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Letter to the Editor
2009:75:2;201-202
doi: 10.4103/0378-6323.48682
PMID: 19293522

Rupioid syphilis in a HIV patient

PV Bhagwat1 , RS Tophakhane1 , RM Rathod1 , BM Shashikumar2 , Varna Naidu1
1 Department of Skin and STD, Karnataka Institute of Medical Sciences, Hubli, Karnataka, India
2 Department of Skin and STD, PESIMSR, Kuppam, Chittoor Dist, Andhra Pradesh, India

Correspondence Address:
P V Bhagwat
Department of skin and STD, Karnataka Institute of Medical Sciences, Hubli - 580 022, Karnataka
India
How to cite this article:
Bhagwat P V, Tophakhane R S, Rathod R M, Shashikumar B M, Naidu V. Rupioid syphilis in a HIV patient. Indian J Dermatol Venereol Leprol 2009;75:201-202
Copyright: (C)2009 Indian Journal of Dermatology, Venereology, and Leprology

Sir,

Syphilis, "The Great Imitator" is among the most fascinating skin diseases. Syphilis, in the presence of human immunodeficiency virus (HIV) infection, has varied clinical manifestations, often presenting in secondary stage. [1] Hyperkeratotic, crusted limpet-like and discolored lesions called "rupia" are uncommon and are usually seen in relapsing secondary syphilis. In pustular syphilis, as a result of endarteritis obliterans and diminution of blood supply, the papules and pustules undergo central necrosis, which extend deep and they present with a central core of necrotic tissue giving rise to "limpet-like" crusts resembling an "oyster shell," which may be discolored with altered blood. Face is the common site. Progression is rapid and may be associated with toxicity, fever, arthralgia and occasionally hepatitis. This rapidly evolving course of secondary syphilis is called as Lues Maligna.[2] With the spread of the HIV epidemic, atypical mucocutaneous manifestations of secondary syphilis may be seen more frequently than before and may pose problems in the diagnosis. [3] Here, we report a case of rupioid syphilis.

A 48-year-old married man, HIV positive since 4 years, not on antiretroviral treatment (ART), presented with multiple asymptomatic crusted lesions over the face, extremities, genitalia and trunk of 3 months duration. Initially, the eruptions started as papules, which evolved into pustules and then crusted lesions. There was no history of fever, arthralgia or abdominal pain. The patient had not taken any medications for any other illness for at least 3 months before the onset of these skin eruptions. He had not suffered from any major medical or surgical illness in the past. There was no history of similar episode in the past. However, he gave history of multiple heterosexual, unprotected exposures with commercial sex workers in the past, which were not followed by urethral discharge or genital sores.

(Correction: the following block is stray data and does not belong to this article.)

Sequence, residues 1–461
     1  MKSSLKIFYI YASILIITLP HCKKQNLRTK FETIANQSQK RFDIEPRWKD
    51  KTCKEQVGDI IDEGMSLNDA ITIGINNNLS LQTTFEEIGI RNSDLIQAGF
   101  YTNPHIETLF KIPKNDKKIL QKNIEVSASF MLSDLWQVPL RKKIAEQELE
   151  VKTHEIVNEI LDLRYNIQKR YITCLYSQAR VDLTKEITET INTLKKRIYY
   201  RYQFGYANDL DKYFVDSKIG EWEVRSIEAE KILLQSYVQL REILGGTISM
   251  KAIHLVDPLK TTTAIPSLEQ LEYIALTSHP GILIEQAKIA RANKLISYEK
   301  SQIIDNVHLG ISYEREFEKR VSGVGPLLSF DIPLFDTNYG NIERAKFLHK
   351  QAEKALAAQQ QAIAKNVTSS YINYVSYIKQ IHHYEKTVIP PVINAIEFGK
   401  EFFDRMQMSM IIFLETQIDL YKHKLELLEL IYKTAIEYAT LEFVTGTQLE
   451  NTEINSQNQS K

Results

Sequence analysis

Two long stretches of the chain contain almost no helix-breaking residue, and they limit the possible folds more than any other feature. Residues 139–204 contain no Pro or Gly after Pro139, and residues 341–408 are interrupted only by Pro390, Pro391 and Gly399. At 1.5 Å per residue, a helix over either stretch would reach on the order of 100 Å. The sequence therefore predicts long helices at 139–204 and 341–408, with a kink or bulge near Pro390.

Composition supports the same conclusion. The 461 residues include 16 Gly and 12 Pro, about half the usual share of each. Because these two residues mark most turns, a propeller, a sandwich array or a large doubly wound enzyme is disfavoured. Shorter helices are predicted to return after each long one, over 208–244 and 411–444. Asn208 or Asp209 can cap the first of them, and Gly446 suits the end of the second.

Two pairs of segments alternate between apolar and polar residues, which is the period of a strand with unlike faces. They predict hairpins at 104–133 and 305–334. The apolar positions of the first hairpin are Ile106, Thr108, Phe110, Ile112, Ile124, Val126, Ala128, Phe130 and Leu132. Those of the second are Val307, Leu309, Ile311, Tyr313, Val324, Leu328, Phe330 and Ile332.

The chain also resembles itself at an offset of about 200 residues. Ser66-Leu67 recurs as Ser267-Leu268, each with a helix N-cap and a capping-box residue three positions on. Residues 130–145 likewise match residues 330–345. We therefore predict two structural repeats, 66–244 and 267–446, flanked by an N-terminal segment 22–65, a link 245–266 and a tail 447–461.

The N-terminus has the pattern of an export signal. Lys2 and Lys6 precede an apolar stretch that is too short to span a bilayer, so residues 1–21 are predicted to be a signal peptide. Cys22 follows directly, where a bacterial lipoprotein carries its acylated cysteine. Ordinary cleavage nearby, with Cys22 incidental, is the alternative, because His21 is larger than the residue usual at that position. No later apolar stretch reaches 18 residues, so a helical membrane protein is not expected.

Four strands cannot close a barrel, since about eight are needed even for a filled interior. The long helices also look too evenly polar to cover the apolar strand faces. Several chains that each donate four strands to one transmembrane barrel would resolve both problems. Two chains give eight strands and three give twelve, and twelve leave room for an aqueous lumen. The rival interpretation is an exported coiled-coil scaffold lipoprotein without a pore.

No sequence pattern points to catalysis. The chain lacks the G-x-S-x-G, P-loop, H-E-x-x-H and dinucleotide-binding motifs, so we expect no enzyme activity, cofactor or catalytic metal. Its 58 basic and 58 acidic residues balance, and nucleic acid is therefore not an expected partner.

The emaciated individual had inguinal and axillary lymph adenopathy (discrete, mobile, firm and non-tender nodes). Systemic examination was unremarkable. Cutaneous examination revealed multiple crusted lesions covered with dirty-looking, adherent and heaped-up crusts distributed mainly on the face and limbs [Figure - 1] and [Figure - 2]. Multiple non-tender ulcers were seen on the palate, while small scattered similar lesions were noted on the trunk and genitalia.

On investigation, routine blood, urine examination and biochemical parameters were normal. Erythrocyte sedimentation rate (ESR) was 50 mm at first hour. Blood VDRL test was reactive (1:64). Cerebro spinal fluid VDRL test was non-reactive. CD4 cell count was 271 cells/mm³. Other investigations were normal. Skin biopsy and histopathology revealed endarteritis obliterans and few granulomas. Because dark ground illumination (DGI) microscopy and Treponema pallidum haemagglutination test (TPHA) or Microhaemagglutination-Treponema pallidum test (MHATP) were not available at our institute, these were not performed. The patient was treated with injection Benzathine penicillin, 24 lac units, deep intramuscular, once a week for 3 weeks. Within 1 month, the skin lesions completely healed with post-inflammatory hyperpigmentation and the blood VDRL titer came down to 1:16 at the end of 3 months.

Now a days, syphilis is a milder disease compared with the ulcerating epidemics of the sixteenth century. Rupioid syphilis is a rare form of malignant syphilis with extensive indolent tissue necrosis. It is more commonly seen in undernourished patients or those with other debilitating diseases such as diabetes or chronic nephritis. It is more common as a recurrence than as a part of original secondary eruptions. In a report, among 21 malignant syphilis cases, five patients had rupioid crusts, two among them were HIV positive with CD4 counts of 140 and 556 cells/mm³, respectively. [3] In another report, there were 21 cases of pustular syphilis and among them, three patients had rupial syphilide. These cases of pustular syphilis were reported before the HIV era. [4] In yet another report, a case of rupial syphilide was reported in a single male from India but the patient was HIV negative. [5] In another case report, hyperkeratotic syphilide lesions disappeared in 1 month after 24 lac units of Benzathine penicillin. [6] In our case, the patient had typical heaped-up crusts without toxemia and lesions were afresh and were not consequences of recurrences. The histopathological features were typical of secondary syphilis. In addition to the classical histopathological features of secondary syphilis, granulomas, a rare feature, were observed. A high index of suspicion for HIV is required whenever we see such atypical skin lesions of secondary syphilis in any patient.

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